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A $1,200 Graphics Card Might As Well Be Star Wars Themed

Illustration for article titled A $1,200 Graphics Card Might As Well Be Star Wars Themedem/em

Up until last Thursday, the Nvidia Titan XP was the most powerful graphics card you could put in a PC. But being the most powerful isn’t enough for some people to justify laying out $1,200. So Nvidia used the Force. Or licensed the Force. Either way, check out this Jedi Order video card.

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The limited edition Star Wars Titan XP comes in two different models. There’s the Galactic Empire version, which is all black and red and shiny. It’s the sort of video card a Space Nazi might love.

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But the one I’ve been playing with is the Jedi Order version, all scruff and grit and can-do attitude. It comes packaged in a brilliant white box, because that’s the color of cowboy hat that heroes wear.

Illustration for article titled A $1,200 Graphics Card Might As Well Be Star Wars Themedem/em

For Star Wars fans who don’t have a computer to put the card in (or for when the next round of Nvidia cards make this one obsolete), the box opens to reveal a lovely acrylic display case.

Who would pay $1,200 just display an overpowered Star Wars video card? Have you met Star Wars fans?
Who would pay $1,200 just display an overpowered Star Wars video card? Have you met Star Wars fans?
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The base of the box features a little pull-out draw hiding a Jedi Order medallion. Depending on which era of Star Wars you prefer, you might want to keep that hidden.

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The outside of the card mainly consists of beautifully-distressed metal. It makes it look like someone just pulled it out of a salvage yard and wired it into their X-Wing. Normally I have to use a video card inside my horrible desktop for at least a month before it looks like this.

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When looked at from the side, say when it’s inserted into your computer, the design evokes a Jedi lightsaber. Only I doubt there ever was a Jedi who felt the need to write “Jedi Order” on the side of their lightsaber hilt. I suppose it would be helpful in case someone found it on a battlefield and wanted to return it.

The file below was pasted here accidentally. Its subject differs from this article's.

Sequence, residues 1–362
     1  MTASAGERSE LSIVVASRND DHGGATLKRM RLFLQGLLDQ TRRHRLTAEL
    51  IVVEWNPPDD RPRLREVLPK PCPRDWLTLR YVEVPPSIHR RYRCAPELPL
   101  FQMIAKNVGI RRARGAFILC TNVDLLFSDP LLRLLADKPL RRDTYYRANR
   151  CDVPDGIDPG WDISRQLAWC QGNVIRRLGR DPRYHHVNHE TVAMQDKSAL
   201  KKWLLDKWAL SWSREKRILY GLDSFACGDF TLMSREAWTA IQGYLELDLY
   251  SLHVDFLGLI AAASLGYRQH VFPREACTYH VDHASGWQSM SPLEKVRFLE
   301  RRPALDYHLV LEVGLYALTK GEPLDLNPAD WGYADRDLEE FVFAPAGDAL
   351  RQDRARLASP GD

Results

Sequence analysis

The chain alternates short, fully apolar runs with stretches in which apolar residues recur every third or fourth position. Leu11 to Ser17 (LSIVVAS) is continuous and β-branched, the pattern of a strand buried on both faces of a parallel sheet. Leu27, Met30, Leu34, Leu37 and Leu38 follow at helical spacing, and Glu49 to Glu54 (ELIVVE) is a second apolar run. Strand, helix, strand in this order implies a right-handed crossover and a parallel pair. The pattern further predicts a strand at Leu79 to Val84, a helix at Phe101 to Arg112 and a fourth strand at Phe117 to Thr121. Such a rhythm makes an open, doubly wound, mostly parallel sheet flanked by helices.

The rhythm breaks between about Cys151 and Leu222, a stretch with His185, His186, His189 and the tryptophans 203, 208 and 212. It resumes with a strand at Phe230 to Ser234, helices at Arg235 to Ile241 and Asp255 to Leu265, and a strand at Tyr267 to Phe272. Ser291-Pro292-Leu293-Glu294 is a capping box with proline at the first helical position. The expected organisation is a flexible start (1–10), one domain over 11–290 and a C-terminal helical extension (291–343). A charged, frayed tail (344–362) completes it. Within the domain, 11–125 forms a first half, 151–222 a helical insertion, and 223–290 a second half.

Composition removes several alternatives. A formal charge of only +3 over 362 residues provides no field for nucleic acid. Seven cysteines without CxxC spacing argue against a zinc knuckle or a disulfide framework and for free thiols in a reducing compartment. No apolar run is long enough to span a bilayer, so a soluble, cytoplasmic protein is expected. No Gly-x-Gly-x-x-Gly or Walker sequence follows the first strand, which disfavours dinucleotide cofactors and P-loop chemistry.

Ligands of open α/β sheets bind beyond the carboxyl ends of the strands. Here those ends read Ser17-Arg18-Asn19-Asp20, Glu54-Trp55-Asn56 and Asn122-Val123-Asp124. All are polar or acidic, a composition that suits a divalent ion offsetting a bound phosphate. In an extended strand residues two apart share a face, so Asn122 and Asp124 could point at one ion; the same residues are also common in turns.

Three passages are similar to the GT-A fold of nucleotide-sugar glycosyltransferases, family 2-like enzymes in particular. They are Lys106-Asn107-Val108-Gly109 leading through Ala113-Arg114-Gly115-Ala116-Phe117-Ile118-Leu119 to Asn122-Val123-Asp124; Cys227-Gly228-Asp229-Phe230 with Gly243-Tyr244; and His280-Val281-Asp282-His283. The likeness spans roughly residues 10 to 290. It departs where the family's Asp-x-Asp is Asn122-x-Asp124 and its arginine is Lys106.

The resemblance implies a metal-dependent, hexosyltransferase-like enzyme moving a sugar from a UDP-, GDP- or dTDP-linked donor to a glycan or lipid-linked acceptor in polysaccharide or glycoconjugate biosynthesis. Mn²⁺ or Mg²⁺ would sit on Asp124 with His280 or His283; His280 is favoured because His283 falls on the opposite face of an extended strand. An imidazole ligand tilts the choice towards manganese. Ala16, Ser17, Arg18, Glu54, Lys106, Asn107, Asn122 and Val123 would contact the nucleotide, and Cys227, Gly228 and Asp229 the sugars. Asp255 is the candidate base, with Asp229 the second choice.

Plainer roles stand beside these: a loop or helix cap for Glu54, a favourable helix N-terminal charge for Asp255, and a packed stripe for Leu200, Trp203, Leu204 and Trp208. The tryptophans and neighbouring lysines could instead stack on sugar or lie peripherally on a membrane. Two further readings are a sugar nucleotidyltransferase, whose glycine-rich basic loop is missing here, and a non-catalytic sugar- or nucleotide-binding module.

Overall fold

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And on the top of the card we have another Jedi Order logo, only this one is dedicated to maintaining the balance between hot and cold instead of light and dark. Say what you will of this design, but I’m a fan.

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As for performance, the card is every bit the beast the non-Star Wars Titan XP is, only it looks much better. The Titan XP was introduced earlier this year to fix a weird situation where Nvidia’s former top-of-the-line card, the Titan X, wasn’t as powerful as the much cheaper Geforce GTX 1080 Ti card. This one’s definitely more powerful, though whether or not it’s hundreds of dollars worth of more powerful is up to the user (check out the full review Tom’s Hardware did for an exhaustive rundown).

If you do plan on spending the money on graphics from a galaxy far, far away, I’d recommended a PC enclosure with a nice window on the side. Don’t want that green Jedi glow going to waste.

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Illustration for article titled A $1,200 Graphics Card Might As Well Be Star Wars Themedem/em

Both the light and dark side cards are now on sale via Nvidia for $1,138.

Kotaku elder, lover of video games, keyboards, toys, snacks, and other unsavory things.

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DISCUSSION

Herp Derply

Anybody else sick of GPU peer pressure? I spent $1,700 building my rig and the thing roars I’ve been able to play current AAA titles with no real issues. I feel like TI Titan series came out there is all of this silent judgement from the community if you’re still rocking a 900 series card.